As the gusty winds of change blow unpredictably through the church, Jesus provides an intriguing sound bite in the Gospel lesson: “One puts new wine into fresh wineskins.” Fresh wineskins, as faith communities experiment with alternative worship rituals. Fresh wineskins, as local congregations adopt new administrative structures.
When the congregation I serve initiated a prayer chain several years ago, its participants were amazed at the response: healing intercessions requested for all manner of illnesses and ailments—physical, emotional, spiritual, societal. The calls poured in from members and nonmembers alike.
We humans know our language cannot communicate the greatness of the divine, but we try anyway. We love to use the prefix omni, which takes a common adjective and expands it to the size of the universe: omnifarious, omnipotent, omnipresent, omniscient, omni-loving, omni-merciful, omni-cool. The omni words are reserved for God and God alone.
Where I grew up, everybody was pretty much just like me. It was a small, southern community, with a long history, deep roots and consistent Christian morality. The only visible difference was our whiteness or our blackness. Ethically speaking, that’s how we saw everything too: white or black, good or bad.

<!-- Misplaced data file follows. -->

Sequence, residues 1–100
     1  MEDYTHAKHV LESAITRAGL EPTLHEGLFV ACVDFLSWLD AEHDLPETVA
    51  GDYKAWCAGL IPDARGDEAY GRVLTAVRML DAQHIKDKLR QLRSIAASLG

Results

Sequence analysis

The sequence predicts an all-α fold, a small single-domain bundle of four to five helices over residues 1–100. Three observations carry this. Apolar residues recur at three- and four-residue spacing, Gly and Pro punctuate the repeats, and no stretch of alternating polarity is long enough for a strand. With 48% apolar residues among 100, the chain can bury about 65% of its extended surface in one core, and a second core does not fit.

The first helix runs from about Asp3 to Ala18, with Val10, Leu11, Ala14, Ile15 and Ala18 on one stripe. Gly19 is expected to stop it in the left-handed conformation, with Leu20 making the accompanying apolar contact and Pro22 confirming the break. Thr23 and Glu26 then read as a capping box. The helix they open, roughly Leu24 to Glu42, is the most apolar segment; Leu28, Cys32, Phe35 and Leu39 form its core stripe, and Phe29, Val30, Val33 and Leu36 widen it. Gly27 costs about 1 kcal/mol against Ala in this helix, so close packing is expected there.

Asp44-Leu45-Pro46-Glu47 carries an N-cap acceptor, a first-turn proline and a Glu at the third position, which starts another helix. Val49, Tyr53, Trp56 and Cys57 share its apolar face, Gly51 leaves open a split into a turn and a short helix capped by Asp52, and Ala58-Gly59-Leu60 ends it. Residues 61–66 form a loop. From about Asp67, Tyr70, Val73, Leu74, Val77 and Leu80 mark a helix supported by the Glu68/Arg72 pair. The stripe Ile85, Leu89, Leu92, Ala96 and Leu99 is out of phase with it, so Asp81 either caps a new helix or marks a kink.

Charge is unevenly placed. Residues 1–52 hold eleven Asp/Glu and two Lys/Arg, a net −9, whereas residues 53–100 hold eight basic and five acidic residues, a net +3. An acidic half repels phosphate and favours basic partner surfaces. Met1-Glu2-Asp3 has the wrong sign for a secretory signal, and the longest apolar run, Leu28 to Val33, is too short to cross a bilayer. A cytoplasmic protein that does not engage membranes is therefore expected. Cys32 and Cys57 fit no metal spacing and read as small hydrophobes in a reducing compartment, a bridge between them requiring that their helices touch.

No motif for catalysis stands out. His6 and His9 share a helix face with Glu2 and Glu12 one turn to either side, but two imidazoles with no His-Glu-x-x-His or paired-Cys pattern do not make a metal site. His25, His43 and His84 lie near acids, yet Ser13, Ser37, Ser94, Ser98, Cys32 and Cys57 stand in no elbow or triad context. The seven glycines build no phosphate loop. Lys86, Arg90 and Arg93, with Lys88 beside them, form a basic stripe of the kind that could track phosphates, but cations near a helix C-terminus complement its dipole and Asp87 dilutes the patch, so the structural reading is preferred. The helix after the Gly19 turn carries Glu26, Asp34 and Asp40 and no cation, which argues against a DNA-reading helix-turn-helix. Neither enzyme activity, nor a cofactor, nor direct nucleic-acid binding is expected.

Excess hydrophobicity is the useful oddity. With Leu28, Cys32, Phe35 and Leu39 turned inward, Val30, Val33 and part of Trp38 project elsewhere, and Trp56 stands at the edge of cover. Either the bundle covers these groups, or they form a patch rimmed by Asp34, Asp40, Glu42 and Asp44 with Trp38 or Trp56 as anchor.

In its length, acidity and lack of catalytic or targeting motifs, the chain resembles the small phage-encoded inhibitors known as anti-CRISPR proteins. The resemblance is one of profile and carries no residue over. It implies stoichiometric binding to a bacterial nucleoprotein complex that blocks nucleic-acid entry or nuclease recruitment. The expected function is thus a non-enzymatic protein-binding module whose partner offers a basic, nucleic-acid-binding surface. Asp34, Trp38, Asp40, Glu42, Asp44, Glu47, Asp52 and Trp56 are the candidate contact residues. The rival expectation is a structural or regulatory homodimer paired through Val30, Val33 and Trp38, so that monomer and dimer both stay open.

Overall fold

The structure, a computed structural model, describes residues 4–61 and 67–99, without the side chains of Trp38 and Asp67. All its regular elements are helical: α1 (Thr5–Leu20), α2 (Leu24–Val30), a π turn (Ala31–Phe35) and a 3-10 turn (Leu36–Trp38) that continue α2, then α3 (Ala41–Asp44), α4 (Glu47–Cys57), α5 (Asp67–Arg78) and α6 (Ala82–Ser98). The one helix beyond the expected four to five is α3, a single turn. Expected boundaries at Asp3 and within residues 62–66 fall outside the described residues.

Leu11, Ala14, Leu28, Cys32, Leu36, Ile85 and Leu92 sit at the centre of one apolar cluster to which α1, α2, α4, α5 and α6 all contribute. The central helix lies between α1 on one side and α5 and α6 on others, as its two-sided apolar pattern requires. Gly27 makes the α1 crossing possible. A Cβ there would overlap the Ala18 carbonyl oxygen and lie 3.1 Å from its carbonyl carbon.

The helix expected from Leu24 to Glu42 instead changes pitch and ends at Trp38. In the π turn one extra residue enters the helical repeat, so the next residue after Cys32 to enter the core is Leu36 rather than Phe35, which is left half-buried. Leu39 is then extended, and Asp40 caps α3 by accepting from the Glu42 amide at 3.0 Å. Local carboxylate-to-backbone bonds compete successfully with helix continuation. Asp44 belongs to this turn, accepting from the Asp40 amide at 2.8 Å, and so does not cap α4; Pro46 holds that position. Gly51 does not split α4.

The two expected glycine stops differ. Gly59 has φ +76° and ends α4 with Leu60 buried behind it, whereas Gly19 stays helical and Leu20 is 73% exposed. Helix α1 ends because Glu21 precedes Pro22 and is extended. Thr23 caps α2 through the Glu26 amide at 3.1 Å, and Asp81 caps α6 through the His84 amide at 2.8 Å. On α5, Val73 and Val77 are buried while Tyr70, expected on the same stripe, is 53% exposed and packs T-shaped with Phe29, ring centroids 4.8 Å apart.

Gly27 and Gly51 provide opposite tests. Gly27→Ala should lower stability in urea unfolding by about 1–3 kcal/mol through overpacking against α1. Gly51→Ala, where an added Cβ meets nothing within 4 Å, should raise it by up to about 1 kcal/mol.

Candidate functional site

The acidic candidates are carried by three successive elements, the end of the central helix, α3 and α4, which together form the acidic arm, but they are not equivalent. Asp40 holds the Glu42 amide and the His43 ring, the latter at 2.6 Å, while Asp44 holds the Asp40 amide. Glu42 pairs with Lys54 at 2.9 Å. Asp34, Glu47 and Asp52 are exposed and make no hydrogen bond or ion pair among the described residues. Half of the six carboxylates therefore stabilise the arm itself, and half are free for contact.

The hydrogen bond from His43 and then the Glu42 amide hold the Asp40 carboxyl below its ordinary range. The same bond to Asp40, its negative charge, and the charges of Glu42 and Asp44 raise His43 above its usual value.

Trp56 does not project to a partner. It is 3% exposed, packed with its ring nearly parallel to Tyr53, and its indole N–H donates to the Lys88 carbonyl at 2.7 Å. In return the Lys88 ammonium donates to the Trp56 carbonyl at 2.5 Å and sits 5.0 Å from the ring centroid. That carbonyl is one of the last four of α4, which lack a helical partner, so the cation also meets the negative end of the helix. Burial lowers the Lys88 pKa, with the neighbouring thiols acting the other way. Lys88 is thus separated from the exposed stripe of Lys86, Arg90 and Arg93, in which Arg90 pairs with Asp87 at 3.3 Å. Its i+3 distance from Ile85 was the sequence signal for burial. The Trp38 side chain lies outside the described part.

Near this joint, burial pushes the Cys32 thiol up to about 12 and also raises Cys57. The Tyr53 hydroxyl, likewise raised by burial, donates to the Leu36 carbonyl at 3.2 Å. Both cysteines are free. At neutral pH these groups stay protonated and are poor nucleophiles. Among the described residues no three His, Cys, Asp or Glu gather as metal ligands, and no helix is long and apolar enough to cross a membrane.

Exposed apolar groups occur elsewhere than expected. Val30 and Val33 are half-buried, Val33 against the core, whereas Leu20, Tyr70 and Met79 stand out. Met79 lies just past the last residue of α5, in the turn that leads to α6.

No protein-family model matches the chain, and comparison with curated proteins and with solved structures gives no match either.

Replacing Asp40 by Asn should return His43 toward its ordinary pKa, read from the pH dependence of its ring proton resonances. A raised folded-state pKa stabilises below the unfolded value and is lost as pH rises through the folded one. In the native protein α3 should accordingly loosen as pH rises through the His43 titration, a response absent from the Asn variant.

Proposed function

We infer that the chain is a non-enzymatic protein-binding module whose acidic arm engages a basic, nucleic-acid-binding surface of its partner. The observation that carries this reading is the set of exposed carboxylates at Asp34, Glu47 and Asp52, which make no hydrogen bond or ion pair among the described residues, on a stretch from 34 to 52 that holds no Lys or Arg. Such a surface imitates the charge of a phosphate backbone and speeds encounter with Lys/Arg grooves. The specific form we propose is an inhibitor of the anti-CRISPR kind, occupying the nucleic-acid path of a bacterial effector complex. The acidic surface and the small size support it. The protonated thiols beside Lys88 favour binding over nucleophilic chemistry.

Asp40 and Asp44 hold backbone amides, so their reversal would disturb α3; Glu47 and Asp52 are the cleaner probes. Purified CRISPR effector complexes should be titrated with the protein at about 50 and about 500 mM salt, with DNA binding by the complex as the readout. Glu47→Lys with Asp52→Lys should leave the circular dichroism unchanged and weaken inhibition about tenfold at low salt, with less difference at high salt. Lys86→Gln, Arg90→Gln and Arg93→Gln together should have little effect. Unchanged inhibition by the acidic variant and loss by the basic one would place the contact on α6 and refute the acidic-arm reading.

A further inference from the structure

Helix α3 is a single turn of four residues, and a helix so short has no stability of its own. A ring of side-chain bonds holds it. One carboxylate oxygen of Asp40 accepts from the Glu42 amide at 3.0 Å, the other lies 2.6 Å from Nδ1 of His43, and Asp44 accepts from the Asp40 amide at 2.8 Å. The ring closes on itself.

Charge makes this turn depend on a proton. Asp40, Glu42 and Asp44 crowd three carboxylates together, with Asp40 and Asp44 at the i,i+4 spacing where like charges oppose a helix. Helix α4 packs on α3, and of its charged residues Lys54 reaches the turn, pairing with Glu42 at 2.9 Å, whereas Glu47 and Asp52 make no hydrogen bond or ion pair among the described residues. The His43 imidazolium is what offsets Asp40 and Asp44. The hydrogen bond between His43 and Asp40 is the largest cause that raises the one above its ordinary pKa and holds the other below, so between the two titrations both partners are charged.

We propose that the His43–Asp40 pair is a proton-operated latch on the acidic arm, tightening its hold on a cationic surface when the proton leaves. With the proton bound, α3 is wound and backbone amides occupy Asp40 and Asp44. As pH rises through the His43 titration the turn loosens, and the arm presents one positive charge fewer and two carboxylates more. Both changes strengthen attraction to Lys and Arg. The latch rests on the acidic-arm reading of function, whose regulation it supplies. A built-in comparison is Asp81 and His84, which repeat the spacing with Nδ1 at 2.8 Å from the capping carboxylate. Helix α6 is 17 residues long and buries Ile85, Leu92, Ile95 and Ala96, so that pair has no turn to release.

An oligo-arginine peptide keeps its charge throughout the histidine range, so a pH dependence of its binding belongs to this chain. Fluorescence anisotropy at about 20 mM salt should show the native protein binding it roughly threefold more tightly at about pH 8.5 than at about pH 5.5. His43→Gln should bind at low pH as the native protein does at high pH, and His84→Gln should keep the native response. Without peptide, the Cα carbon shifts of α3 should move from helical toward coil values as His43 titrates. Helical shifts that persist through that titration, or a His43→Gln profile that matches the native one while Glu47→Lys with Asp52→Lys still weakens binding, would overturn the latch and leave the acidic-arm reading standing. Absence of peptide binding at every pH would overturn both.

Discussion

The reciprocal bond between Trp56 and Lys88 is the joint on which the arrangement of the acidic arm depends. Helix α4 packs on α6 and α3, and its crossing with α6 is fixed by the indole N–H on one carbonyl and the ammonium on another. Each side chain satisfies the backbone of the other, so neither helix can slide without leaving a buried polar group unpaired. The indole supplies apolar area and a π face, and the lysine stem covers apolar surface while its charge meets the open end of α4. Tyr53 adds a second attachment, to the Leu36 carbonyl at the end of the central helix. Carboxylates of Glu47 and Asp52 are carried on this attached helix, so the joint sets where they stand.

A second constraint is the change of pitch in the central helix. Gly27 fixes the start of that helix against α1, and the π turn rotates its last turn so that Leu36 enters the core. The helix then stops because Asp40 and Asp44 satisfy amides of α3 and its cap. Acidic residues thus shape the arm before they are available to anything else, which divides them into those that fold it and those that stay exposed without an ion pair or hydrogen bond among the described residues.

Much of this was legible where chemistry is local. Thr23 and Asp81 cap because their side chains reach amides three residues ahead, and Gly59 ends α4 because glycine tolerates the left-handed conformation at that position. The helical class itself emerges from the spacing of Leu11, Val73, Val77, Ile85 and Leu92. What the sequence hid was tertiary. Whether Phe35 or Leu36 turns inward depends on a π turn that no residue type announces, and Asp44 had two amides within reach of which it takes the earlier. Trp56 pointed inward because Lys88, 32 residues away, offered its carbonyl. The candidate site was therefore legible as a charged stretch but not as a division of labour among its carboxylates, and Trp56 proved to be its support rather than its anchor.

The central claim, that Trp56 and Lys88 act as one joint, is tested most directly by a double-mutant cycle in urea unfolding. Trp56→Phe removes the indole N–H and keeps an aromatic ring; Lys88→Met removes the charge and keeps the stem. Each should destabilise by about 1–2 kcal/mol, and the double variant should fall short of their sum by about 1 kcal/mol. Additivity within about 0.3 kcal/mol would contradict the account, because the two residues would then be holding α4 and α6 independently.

I remember the day I received my call—follow me and I will make you fish for people. In my case it was a call to ordained ministry. Although my call was more like a slow culmination of events and experiences, there was one dramatic moment in my senior year in high school. It was 1973, just three years after my denomination officially allowed the ordination of women.